When Russian troops crossed the border into Ukraine last winter, it quickly became clear that Saskatchewan was going to play a bigger role in global affairs.
Given that Saskatchewan’s production parallels output in those countries – things such as grains and oilseeds, potash and oil – international buyers were going to be looking for alternate suppliers. And that meant this province.
Evidence of that development is abundantly clear in the latest trade figures for this country. July’s numbers came out earlier this week.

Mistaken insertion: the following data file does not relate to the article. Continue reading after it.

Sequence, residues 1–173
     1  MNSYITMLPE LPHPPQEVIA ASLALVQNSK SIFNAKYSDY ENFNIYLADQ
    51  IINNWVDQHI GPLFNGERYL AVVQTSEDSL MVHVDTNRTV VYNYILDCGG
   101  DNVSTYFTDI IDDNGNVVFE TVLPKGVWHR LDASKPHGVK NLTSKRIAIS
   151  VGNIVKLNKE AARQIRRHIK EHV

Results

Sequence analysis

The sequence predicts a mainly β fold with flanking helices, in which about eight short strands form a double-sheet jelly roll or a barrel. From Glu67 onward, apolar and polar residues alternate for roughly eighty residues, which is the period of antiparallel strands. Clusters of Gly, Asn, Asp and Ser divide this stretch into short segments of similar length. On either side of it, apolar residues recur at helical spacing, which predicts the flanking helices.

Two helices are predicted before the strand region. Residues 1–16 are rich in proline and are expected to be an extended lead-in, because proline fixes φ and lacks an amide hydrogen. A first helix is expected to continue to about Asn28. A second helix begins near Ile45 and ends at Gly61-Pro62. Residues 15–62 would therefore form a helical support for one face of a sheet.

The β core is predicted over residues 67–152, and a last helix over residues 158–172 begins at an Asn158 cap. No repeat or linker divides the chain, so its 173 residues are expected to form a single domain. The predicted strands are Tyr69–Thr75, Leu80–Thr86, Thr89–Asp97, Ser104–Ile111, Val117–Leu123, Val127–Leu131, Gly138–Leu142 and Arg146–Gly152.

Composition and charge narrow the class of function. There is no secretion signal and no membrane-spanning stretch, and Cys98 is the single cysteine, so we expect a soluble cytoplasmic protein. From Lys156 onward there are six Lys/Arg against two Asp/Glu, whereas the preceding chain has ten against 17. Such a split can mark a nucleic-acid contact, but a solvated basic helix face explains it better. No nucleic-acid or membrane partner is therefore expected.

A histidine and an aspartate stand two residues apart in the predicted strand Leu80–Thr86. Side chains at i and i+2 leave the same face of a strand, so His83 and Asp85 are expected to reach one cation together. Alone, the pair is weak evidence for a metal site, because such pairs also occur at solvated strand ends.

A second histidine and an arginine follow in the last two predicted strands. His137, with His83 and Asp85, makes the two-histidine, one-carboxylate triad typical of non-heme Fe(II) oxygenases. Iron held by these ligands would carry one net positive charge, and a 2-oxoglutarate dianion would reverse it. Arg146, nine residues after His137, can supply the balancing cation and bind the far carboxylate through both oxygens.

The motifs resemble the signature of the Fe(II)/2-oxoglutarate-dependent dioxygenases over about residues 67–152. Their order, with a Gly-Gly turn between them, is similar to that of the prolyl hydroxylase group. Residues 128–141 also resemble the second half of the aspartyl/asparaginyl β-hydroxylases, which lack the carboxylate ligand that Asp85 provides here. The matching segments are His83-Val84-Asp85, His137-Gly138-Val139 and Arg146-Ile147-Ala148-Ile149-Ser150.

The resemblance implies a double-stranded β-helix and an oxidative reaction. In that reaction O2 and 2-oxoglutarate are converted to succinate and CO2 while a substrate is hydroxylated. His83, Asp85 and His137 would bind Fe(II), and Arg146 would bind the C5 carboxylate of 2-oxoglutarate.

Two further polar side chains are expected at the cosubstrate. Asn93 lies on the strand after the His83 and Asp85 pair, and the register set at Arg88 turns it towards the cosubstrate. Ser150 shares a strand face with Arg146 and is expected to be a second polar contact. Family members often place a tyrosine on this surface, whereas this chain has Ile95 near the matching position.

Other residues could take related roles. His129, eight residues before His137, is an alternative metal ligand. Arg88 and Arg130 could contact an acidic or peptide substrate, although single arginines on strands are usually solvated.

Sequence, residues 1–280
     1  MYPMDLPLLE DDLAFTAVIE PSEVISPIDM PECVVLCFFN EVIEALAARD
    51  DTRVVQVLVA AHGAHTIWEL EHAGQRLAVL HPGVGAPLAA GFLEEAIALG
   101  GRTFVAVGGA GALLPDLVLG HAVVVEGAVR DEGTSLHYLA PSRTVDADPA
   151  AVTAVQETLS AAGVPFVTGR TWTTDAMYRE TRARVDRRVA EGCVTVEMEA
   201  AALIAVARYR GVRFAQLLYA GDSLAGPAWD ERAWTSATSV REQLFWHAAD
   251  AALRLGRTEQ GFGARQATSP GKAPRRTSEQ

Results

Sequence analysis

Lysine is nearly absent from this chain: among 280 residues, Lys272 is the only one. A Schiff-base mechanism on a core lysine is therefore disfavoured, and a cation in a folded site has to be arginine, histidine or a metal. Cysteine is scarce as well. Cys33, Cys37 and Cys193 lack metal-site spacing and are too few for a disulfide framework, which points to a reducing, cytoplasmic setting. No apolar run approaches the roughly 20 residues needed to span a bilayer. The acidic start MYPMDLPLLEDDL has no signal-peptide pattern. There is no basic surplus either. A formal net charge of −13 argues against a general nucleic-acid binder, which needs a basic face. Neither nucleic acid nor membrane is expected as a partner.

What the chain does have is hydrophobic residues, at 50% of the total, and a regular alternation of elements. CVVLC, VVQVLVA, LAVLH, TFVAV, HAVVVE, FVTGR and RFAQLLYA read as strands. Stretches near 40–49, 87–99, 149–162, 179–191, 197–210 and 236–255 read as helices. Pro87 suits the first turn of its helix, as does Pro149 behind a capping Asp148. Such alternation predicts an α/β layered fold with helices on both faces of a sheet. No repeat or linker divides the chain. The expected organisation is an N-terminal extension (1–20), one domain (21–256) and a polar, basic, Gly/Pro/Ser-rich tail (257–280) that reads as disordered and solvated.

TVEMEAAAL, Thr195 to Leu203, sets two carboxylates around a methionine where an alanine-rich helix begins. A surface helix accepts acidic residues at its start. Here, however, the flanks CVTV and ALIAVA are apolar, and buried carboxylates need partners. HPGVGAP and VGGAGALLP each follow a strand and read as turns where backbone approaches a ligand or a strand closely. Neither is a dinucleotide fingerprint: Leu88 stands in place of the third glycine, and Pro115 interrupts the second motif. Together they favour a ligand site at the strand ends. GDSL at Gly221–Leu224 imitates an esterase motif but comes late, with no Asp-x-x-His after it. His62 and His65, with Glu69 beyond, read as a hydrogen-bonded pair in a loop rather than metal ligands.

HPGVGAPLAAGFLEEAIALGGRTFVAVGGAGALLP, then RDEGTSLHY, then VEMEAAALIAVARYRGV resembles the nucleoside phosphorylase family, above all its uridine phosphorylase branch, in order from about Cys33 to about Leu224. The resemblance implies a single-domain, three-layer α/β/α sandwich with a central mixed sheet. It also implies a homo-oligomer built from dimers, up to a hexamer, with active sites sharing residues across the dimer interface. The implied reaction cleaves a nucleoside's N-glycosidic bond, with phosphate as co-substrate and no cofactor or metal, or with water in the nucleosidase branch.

Saskatchewan’s exports to global buyers have risen by more than 40 per cent so far this year which puts us about 65 per cent ahead of where we were a year ago.
The big contributors were mineral exports such as potash and energy, primarily in the form of oil and gas.
Those gains were enough to rank Saskatchewan first among the provinces on a year-over-year basis and second for gains so far this year.
Clearly, Saskatchewan is a trading province. With trade representing 70 per cent of all economic activity, we rely more heavily on foreign buyers to take our output than any other province.